Attach the Binding

Re-fold the binding wrong sides together and attach to the top side of the quilt. Be sure to leave an unstitched "tail" of about 10-12" so you can join the ends of the binding.

I experimented with the width of my seam by stitching a couple of inches, then removing it from the machine and turning the binding to the wrong side. I want the fold with cording inside to be just beyond the stitching line.

On my Viking Opal, the stitch is to the right of center at setting 2.0. That way, I can align the edge of the presser foot with the raw edges of the quilt.

To make a nice mitered corner, stop sewing exactly 1/4" from the corner.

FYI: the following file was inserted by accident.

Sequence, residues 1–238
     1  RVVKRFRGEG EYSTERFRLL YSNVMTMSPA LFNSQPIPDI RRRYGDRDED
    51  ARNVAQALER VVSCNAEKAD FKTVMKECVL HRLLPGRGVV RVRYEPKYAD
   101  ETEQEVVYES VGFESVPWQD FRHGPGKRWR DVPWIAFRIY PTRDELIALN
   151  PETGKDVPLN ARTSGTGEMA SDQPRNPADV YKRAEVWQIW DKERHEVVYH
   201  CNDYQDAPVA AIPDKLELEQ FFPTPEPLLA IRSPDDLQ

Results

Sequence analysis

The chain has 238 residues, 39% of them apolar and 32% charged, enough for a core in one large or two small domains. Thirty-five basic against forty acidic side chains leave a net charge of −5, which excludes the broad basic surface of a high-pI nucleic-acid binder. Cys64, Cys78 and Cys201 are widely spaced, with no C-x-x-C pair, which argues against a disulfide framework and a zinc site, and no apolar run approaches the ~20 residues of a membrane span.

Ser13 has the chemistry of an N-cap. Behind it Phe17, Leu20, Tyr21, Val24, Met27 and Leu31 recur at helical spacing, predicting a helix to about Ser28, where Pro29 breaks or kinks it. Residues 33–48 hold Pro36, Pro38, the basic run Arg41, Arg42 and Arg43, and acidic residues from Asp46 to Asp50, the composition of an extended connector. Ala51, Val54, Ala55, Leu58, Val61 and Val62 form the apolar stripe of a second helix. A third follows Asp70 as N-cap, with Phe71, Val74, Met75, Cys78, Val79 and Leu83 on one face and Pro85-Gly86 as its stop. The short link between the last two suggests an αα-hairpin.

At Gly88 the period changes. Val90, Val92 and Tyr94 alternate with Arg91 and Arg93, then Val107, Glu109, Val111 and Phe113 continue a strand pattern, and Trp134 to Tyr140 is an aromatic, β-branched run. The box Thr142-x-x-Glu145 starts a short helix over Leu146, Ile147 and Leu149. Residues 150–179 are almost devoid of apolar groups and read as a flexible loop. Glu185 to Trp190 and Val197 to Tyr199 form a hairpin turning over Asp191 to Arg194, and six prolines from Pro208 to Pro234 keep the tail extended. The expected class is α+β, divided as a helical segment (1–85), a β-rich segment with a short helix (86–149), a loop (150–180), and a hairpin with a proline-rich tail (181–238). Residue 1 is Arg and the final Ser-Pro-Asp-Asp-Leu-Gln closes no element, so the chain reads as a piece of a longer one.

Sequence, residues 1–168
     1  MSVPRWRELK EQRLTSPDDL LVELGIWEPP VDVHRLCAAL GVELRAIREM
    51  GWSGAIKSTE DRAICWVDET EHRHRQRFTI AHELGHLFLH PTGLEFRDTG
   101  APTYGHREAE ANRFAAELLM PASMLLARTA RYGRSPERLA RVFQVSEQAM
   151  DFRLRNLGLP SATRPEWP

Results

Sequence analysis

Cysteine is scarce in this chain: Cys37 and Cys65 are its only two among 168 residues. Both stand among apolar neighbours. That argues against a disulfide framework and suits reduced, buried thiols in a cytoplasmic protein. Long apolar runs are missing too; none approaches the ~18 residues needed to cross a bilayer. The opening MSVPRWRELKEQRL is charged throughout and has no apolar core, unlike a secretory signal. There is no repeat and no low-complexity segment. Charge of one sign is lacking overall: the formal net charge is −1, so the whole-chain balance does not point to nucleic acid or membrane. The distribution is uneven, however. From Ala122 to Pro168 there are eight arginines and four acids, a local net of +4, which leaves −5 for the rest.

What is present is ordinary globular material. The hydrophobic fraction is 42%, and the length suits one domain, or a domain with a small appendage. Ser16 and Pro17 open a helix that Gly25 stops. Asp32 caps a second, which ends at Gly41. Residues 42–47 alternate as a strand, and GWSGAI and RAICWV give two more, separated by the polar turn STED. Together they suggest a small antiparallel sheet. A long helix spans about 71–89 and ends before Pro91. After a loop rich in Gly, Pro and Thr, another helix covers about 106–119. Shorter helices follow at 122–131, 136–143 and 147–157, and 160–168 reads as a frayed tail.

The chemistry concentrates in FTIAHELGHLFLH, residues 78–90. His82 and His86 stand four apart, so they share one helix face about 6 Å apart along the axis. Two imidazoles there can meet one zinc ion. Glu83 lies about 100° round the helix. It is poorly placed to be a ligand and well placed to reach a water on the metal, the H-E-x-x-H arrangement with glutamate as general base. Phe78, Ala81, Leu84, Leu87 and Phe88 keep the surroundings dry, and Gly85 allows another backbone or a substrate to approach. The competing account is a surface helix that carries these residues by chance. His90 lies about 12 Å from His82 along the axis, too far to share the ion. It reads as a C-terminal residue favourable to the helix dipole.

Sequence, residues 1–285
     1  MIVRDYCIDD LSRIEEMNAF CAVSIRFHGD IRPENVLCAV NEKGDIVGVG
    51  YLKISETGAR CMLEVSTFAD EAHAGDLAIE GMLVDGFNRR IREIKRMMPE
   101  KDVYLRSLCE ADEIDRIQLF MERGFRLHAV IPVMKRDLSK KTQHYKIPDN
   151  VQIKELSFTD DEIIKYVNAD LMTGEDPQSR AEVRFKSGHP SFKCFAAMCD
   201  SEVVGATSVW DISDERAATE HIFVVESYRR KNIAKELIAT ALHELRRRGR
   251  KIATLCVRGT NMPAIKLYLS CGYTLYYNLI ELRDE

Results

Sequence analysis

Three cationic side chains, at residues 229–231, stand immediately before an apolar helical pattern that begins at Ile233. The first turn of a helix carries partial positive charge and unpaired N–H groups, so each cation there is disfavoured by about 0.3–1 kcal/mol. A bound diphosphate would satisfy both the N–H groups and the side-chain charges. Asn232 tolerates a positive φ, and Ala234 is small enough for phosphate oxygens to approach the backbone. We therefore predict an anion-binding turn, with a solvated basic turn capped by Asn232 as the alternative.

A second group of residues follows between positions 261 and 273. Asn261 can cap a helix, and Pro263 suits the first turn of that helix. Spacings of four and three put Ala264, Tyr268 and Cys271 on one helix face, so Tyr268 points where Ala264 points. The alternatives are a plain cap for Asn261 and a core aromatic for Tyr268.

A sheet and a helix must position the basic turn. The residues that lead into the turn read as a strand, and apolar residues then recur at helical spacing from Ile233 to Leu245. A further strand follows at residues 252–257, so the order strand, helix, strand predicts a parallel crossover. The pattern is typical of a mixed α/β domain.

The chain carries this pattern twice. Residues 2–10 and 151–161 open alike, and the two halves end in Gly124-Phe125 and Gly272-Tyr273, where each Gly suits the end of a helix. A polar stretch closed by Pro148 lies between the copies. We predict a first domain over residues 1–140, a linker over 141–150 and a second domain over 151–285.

I back-stitch at an approximate 45 degree angle away from the last stitch, like this:

Then fold the binding to the right, forming a 45 degree angle.  The raw edges of the binding will be parallel to the raw edges of the quilt sandwich, like this:

Here I've put a white piece of paper under the binding so you can see the angle better:

Next, bring the binding back over the 45 degree fold, making a 90 degree fold even with the raw edges of the already-sewn-down binding, like this: 

Start stitching right at the folded edge.

Continue stitching and making mitered corners until you get to about 10-12" from where the binding begins.

Connect the Ends

Bring the unstitched ends of the binding together and fold back on itself, leaving a 1/4" gap.

Finger press to mark the fold line.

Fold the end closest to you out to the right.

Place the top end over the bottom, matching the fold of the top end with the pressed fold line on the bottom end.

Open out the top end, holding both ends carefully so the fold lines remain met. Pin, matching the center of the binding and the fold lines.